There are 4 key steps for landholders to participate in the Biodiversity Offsets Scheme by establishing a biodiversity stewardship site and selling the credits generated.  

First, the landholder needs to establish that:

In the early planning stage, it is recommended that a landholder seeks advice from an accredited assessor to identify the likely types of credits that will be generated on their site. Brokers and/or the Biodiversity Conservation Trust may also provide assistance. It is also recommended that a landholder consults with any property interest holders at this stage. Property interest holders may include banks, or mining lease holders.

At this early stage, landholders may also want to advertise their site on the Expression of interest register to identify potential purchasers of credits, before they proceed with making a formal application.

The landholder must retain an accredited assessor to apply the Biodiversity Assessment Method (BAM) to their site. The assessor will produce a Biodiversity Stewardship Site Assessment Report (BSSAR) that will set out:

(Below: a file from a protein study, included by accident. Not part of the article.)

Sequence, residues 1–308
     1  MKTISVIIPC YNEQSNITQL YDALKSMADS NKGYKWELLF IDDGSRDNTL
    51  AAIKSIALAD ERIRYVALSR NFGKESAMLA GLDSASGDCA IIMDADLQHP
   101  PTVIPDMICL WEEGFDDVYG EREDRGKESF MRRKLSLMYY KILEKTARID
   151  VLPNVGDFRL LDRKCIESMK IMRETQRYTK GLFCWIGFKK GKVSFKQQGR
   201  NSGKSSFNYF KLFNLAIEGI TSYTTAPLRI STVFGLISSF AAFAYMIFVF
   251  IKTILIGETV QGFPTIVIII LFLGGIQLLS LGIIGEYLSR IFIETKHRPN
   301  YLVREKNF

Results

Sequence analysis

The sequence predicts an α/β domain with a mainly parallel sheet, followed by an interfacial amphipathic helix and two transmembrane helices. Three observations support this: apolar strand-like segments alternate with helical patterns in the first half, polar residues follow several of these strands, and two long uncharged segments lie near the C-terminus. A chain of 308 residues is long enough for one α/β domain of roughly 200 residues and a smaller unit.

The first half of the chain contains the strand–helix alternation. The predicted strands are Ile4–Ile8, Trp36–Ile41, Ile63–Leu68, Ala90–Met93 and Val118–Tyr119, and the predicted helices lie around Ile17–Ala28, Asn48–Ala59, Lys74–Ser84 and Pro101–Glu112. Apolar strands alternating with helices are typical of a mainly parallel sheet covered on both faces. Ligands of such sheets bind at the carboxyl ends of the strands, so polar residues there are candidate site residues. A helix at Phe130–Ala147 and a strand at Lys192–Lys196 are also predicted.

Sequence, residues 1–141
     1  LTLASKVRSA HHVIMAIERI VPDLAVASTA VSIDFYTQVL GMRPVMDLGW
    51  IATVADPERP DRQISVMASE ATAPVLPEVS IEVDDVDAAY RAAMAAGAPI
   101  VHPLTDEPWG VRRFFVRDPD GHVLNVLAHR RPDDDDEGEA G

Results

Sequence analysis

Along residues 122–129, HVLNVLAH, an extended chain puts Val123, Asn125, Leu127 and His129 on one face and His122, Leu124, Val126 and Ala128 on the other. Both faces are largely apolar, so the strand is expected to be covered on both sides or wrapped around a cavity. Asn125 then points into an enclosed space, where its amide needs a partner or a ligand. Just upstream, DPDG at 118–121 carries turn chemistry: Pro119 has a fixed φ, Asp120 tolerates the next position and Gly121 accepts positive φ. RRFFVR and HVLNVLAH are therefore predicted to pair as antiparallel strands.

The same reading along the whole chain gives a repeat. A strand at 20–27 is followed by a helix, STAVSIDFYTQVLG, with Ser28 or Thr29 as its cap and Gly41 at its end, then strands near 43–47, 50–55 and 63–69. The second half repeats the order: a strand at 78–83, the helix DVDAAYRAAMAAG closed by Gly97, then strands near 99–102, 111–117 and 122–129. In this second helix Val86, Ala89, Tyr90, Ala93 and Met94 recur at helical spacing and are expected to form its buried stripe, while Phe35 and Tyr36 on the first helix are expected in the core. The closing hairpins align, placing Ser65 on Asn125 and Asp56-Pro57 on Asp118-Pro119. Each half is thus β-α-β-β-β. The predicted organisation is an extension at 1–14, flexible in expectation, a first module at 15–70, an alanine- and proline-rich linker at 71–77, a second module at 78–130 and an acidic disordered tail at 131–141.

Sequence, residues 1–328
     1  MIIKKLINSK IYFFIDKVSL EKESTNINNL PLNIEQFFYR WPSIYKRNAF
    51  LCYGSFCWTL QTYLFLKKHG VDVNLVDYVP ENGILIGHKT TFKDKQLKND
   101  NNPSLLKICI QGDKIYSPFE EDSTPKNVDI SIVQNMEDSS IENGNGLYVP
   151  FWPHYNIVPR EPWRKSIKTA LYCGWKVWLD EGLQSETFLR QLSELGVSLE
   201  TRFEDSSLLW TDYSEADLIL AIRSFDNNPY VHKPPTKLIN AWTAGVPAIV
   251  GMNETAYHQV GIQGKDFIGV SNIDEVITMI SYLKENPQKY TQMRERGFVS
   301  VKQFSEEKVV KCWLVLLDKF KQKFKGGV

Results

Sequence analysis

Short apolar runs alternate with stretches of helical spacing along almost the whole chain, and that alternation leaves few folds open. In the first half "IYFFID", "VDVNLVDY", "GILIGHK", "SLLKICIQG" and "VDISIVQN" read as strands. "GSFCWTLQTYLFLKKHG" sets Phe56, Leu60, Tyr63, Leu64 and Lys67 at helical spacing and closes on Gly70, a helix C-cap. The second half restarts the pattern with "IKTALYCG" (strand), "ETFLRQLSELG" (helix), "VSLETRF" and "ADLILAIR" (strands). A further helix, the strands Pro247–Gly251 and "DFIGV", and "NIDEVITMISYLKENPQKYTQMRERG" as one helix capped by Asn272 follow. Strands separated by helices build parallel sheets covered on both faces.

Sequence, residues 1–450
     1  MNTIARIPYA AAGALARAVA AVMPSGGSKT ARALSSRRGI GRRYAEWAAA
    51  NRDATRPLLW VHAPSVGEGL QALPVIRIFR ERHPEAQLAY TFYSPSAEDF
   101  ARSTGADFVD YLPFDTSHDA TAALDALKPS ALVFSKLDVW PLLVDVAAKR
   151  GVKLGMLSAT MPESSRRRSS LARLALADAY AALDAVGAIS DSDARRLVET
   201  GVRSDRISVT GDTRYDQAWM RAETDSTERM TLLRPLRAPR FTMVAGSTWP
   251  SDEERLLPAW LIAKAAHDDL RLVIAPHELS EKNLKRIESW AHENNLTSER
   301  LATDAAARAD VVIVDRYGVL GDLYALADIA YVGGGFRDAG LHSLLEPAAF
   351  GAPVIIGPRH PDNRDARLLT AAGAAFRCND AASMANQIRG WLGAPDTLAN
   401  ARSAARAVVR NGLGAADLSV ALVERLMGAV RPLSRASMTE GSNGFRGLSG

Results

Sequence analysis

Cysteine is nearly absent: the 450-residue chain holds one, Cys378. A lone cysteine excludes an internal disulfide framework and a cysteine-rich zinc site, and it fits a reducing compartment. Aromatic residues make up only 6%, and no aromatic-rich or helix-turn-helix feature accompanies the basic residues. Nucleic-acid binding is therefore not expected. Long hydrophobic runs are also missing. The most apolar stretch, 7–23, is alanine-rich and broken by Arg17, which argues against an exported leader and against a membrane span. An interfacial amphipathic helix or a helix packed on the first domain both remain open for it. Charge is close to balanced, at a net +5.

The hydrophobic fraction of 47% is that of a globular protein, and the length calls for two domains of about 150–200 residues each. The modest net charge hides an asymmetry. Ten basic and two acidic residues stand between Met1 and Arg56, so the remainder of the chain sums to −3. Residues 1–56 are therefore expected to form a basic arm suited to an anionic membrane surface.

• The type and number of credits generated by placing a Biodiversity Stewardship Agreement (BSA) on the site, and
  • A proposed management plan for the site, which will be included in the biodiversity stewardship agreement.

The Biodiversity Conservation Trust is responsible for entering into BSAs with landholders. When the BSSAR has been prepared, the landholder submits their application (including the BSSAR) to the Biodiversity Conservation Trust via the BOAMS, together with the relevant fees.

The Biodiversity Conservation Trust assesses the landholder’s application against relevant legal and technical requirements and agrees on the terms of the Biodiversity Stewardship Agreement (BSA). The BSA will include a management plan that sets out proposed annual management actions and the cost of those actions over a 20 year period, and the ongoing maintenance costs. The total costs are called the Total Fund Deposit. A broker may be able to help with this process.